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The one trait NY Jets fans should look for in OT draft prospects

Taliese Fuaga
Taliese Fuaga

New York Jets fans should look for one specific trait when watching the NFL draft’s offensive tackle prospects

The NFL draft is the ultimate crapshoot. Whether you form your opinions based on the first two minutes of a JustBombsProductions highlight reel or after obsessing over every snap of a player’s career on the All-22 film, your odds of predicting a player’s future are pretty similar. Sorry, draftniks.

There are no secret formulas to the draft. If there were, we wouldn’t have seen Vernon Gholston or Zach Wilson drafted in the top six, and Patrick Mahomes would not have fallen out of the top 10. Every NFL front office works year-round to prepare for this event, yet most of them still mess it up year after year.

While there will never be a perfect way to identify future hits or misses in the draft, there are certain things teams can look at to increase their odds of getting a pick right. If they emphasize targeting particular traits that have displayed relatively strong predictive value in the past, they can set themselves up to hit on more picks than most other teams in the long run.

That brings us to today’s topic: The New York Jets’ top offensive tackle targets in the 2024 draft.

This is considered a strong offensive tackle class, and the Jets are in need of a tackle. There are at least five different prospects who have been commonly mentioned as potential first-round targets for the Jets: Notre Dame’s Joe Alt, Penn State’s Olu Fashanu, Alabama’s JC Latham, Oregon State’s Taliese Fuaga, and Washington’s Troy Fautanu.

Everyone ranks these players differently. And nobody’s rankings matter. That’s the reality.

Rankings are irrelevant. What we can do is analyze how these players stack up in particular areas that have tended to be predictive in the past.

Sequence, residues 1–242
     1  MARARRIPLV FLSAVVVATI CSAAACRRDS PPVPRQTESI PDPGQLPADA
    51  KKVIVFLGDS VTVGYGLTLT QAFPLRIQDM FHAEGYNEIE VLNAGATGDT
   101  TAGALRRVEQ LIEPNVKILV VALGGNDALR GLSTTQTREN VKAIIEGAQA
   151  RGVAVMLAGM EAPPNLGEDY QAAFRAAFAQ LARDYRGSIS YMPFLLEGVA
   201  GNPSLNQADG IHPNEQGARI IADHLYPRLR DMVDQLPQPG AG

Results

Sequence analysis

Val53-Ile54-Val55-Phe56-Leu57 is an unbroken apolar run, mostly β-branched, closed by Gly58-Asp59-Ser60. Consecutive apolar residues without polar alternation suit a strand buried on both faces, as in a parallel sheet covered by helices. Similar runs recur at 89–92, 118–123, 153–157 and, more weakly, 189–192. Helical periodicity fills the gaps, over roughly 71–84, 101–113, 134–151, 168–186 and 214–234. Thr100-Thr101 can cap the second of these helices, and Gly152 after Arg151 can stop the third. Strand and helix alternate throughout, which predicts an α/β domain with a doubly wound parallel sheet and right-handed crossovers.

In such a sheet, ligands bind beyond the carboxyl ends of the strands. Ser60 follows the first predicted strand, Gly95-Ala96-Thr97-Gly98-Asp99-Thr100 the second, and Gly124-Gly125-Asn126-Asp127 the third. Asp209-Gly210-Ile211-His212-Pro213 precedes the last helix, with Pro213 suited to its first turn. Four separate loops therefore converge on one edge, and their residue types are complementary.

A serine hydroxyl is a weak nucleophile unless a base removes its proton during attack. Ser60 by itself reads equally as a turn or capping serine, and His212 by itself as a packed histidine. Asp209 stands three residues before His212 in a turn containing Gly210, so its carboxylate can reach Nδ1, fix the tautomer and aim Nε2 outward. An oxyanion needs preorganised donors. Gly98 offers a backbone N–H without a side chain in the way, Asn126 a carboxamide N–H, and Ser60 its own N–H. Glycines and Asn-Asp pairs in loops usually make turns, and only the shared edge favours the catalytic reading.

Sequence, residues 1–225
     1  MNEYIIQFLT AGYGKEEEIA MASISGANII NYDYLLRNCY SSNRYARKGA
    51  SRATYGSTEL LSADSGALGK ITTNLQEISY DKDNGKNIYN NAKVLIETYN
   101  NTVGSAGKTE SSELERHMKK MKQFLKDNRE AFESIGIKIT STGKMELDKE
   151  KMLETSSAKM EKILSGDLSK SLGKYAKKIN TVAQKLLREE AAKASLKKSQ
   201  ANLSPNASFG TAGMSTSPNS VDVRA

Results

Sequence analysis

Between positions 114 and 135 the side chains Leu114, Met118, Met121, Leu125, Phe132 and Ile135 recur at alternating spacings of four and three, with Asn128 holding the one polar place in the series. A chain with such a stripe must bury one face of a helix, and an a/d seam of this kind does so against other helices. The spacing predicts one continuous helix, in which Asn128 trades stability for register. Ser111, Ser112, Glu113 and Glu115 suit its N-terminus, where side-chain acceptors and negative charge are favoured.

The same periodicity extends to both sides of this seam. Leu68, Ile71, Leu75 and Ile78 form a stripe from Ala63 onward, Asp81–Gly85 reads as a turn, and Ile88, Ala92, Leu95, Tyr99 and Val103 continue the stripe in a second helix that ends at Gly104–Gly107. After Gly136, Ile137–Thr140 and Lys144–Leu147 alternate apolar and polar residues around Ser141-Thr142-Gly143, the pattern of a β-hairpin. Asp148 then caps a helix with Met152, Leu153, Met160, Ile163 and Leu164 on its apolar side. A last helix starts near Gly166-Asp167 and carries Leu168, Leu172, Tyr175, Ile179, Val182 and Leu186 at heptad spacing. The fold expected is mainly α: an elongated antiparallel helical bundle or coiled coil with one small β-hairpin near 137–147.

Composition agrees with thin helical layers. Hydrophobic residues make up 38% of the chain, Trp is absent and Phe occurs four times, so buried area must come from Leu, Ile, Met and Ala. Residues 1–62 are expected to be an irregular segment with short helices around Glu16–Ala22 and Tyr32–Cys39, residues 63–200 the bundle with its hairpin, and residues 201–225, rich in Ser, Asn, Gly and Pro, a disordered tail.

I italicized “tended” because it’s important to remember that nothing will ever guarantee a player’s success or failure. We’re just trying to see which guy might have a 5% better chance of panning out than the other guy. There are certain signals that may indicate a player has a slightly higher or lower chance of panning out, and when it comes to the draft, all you can do is use the information at your disposal to give yourself the best chance of succeeding. Hopefully it works out.

When it comes to offensive linemen – particularly offensive tackles – there is one particular trait that I have found to be a fairly good predictor of how a prospect’s production might translate to the NFL: his performance on true pass sets.

Every first-round offensive line prospect was dominant in college. To what degree may vary, but they wouldn’t be drafted in the first round if they didn’t stand out against future car salesmen. The key to the draft is trying to figure out how likely the player is to translate that success to the professional level, where the competition is immensely stronger and the responsibilities are much different.

That’s why isolating a prospect’s performance on true pass sets is vital. It is a useful method for figuring out how well he will transition to the professional game.

Pro Football Focus defines a true pass set as any pass-blocking rep outside of plays with fewer than 4 rushers, play action, screens, short drop backs, and throws under 2 seconds. If the offense calls a pass play and none of those criteria are met, it’s a true pass set. Essentially, these plays are “traditional” pass-blocking snaps where the linemen had to hold up for a significant length of time without assistance from outside factors.